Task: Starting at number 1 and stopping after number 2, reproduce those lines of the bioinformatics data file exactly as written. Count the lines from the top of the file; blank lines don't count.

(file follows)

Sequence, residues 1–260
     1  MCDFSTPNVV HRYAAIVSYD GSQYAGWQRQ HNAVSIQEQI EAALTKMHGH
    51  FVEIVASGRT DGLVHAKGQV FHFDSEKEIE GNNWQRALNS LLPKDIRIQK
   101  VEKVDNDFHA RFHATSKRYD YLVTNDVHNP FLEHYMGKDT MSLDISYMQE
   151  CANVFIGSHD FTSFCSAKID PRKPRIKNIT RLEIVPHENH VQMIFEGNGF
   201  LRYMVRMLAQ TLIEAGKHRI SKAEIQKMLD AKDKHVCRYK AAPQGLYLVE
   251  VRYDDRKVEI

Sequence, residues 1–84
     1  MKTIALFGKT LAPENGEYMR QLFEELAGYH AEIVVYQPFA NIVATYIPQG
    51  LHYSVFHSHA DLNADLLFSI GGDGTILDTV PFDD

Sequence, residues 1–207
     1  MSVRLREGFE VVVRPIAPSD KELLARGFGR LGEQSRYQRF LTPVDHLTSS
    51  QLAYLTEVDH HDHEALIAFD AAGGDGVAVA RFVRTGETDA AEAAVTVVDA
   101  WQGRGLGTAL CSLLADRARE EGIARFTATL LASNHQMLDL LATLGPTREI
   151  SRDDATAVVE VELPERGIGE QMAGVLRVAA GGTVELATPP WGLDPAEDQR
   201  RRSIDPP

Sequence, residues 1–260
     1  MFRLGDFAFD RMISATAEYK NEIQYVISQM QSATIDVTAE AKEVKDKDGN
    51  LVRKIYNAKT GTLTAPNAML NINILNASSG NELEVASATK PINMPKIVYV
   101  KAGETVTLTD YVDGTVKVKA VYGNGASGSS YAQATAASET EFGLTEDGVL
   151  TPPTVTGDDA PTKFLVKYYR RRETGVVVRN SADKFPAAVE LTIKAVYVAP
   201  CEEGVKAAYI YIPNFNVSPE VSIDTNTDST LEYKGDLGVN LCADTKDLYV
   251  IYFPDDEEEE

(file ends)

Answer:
Sequence, residues 1–260
     1  MCDFSTPNVV HRYAAIVSYD GSQYAGWQRQ HNAVSIQEQI EAALTKMHGH